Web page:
In Falling Upward, Richard Rohr says something that I am just now realizing has deep significance to me. “We all become well-disguised mirror image of anything that we fight too long or too directly. That which we oppose determines the energy and frames the questions after a while. Most frontal attacks on evil just produce another kind of evil in yourself, along with a very inflated self-image to boot.”
When I first read this, it seemed that Rohr wants us to be passive. A call to stop all the fighting. It could be read as a “both-sides-ism” or a call to “just get along.” Some people assume that when I say Love Matters More, that I am doing the same. That what I am saying is that love is about not standing up for our beliefs. That “getting along” is more important. But that’s not it.
Love is much harder than that. What I am saying, and how I read Rohr, is that I have a lot of fight left in me – but my tactics have changed. For me, “standing up for my beliefs” became defined by what I was against. To use Rohr’s phrase, I lived by “frontal attacks on evil.”
For me, fighting evil is no longer getting into debates with people who disagree with me. It’s not making sure people know that I’m on the “right side of history.” For me, fighting evil is about retreating from the front lines of hate and disagreement and heading upstream to work on the front lines of helping create solutions.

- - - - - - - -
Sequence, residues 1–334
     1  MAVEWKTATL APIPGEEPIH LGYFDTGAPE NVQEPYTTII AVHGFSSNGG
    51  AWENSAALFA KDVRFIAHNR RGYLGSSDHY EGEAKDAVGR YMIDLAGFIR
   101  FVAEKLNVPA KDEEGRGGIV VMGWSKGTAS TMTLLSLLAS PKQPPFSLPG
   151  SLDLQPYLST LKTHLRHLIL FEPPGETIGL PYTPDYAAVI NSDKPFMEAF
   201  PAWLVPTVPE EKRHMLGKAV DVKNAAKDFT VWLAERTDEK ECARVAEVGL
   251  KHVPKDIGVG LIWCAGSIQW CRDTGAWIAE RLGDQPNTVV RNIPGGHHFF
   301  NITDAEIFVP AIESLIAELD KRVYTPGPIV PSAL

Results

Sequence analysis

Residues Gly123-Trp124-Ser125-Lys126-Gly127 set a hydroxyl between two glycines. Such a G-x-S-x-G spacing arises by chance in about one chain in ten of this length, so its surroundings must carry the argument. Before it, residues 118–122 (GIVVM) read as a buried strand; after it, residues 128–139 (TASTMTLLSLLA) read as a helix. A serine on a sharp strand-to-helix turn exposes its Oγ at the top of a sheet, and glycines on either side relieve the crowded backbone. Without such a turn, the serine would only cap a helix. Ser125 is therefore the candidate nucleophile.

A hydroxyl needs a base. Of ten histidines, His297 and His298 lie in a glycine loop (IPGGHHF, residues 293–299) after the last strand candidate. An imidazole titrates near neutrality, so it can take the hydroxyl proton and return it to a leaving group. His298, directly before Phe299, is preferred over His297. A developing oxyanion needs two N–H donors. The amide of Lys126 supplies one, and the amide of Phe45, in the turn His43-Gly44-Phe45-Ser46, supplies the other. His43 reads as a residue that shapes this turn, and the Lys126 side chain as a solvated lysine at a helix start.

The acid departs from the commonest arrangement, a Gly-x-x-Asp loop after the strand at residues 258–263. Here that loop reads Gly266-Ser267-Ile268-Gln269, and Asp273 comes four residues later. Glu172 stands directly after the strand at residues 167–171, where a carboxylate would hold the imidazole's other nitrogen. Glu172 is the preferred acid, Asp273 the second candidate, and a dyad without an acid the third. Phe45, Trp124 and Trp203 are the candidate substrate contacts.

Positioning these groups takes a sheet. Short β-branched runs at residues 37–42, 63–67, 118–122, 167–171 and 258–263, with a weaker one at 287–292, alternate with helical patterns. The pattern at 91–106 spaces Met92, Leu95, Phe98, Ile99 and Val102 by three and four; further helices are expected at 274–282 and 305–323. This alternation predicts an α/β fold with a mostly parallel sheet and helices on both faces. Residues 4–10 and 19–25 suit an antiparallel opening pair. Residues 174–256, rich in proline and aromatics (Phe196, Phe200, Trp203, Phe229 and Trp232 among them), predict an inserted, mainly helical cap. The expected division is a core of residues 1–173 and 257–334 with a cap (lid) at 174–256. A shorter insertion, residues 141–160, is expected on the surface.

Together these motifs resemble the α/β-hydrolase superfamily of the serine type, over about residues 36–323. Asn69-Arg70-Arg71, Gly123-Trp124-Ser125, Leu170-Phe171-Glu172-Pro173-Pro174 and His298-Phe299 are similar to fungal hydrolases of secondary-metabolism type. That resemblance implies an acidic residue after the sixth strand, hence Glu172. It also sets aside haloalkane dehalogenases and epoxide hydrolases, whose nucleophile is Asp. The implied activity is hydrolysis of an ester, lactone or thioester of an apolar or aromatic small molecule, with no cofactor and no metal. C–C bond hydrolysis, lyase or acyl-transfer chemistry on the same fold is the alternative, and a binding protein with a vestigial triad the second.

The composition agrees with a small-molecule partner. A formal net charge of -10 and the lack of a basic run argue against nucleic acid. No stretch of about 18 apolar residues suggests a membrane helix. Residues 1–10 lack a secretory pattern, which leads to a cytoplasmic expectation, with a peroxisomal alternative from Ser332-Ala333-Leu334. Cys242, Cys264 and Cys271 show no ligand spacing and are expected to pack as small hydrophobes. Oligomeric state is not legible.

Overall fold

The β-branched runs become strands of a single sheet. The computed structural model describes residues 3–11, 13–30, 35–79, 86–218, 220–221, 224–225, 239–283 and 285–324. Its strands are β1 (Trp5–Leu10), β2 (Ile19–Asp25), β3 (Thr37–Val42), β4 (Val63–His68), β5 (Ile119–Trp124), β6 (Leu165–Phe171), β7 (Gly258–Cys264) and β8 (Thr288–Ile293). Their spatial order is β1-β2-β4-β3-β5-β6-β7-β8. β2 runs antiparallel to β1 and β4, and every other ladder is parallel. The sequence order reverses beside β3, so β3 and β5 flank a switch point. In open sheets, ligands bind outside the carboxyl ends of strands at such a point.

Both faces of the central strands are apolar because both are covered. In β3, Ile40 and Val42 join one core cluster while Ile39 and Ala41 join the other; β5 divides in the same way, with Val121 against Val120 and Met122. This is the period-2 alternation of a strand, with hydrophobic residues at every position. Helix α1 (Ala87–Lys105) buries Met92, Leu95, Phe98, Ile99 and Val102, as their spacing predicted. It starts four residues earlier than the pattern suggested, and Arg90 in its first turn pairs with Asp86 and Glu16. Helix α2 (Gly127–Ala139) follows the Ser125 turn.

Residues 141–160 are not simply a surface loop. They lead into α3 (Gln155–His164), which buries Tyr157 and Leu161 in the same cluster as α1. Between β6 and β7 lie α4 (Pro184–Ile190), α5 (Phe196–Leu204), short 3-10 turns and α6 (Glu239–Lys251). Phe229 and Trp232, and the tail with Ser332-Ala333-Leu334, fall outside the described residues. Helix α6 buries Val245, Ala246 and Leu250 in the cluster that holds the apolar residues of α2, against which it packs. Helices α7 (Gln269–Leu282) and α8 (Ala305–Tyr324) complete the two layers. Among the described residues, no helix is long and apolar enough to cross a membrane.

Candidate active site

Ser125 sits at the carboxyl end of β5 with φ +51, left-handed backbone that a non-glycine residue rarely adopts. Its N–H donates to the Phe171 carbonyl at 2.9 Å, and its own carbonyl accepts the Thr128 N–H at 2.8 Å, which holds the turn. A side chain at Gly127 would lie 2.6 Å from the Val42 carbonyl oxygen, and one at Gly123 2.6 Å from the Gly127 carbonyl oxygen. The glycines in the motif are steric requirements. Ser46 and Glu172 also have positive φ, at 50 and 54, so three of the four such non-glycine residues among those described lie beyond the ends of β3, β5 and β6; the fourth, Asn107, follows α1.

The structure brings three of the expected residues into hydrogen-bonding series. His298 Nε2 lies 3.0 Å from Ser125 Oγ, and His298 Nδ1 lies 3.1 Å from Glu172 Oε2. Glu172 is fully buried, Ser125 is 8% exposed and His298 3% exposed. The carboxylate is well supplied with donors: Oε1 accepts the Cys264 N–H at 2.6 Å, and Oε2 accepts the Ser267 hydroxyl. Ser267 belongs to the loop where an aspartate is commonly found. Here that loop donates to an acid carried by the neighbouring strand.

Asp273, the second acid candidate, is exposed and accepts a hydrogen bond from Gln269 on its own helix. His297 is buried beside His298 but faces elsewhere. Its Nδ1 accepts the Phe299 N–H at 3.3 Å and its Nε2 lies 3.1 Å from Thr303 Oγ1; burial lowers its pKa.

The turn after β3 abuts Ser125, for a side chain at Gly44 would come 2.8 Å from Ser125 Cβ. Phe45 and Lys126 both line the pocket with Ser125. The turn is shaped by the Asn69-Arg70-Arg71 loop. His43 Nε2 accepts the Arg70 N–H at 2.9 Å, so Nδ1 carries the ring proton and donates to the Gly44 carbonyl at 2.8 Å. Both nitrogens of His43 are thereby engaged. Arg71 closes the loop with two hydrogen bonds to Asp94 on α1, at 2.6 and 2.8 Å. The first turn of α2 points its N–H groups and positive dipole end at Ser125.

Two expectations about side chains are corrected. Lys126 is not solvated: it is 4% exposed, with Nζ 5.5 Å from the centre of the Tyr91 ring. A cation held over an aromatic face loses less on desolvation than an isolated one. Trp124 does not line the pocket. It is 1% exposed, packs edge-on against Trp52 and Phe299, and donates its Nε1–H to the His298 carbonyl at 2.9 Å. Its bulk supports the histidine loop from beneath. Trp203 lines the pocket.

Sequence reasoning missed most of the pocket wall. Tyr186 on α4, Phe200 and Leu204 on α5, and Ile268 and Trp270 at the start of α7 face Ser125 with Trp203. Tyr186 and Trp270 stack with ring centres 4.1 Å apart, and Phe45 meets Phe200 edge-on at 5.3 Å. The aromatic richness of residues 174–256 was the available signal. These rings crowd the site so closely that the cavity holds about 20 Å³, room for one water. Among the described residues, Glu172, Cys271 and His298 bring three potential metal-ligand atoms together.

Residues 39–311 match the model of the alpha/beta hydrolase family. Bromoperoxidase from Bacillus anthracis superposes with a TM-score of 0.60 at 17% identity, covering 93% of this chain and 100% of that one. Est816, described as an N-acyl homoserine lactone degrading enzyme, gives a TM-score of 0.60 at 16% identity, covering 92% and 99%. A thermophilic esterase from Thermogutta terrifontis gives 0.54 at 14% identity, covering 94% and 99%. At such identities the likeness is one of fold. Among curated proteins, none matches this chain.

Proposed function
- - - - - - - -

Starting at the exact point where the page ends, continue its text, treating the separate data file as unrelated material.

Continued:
When I surround myself with other creative problem-solvers, when I work shoulder-to-shoulder on positive initiatives, then I find that my energy is positive and I don’t have the time or energy to worry too much about those who disagree with me. I guess what I’m saying is – there’s plenty of work to do and I want to do better at getting to work instead of exhausting myself every day trying to convince people online who won’t be convinced. There’s a world waiting for hope, love, justice, kindness – both in our personal interactions and enacted through our policies – and I want to make sure that at the end of the day I can say that I put my hand to the plow toward those things in very practical ways. If I’m going to be exhausted, I want it to be because I put in the practical work of outsmarting evil – not being distracted by its temptation for frontal attacks.
I am not interested in attacking but creating. I am not interested in telling others why their vision for the world won’t work but in doing the harder, painstaking, tedious work of building toward mine.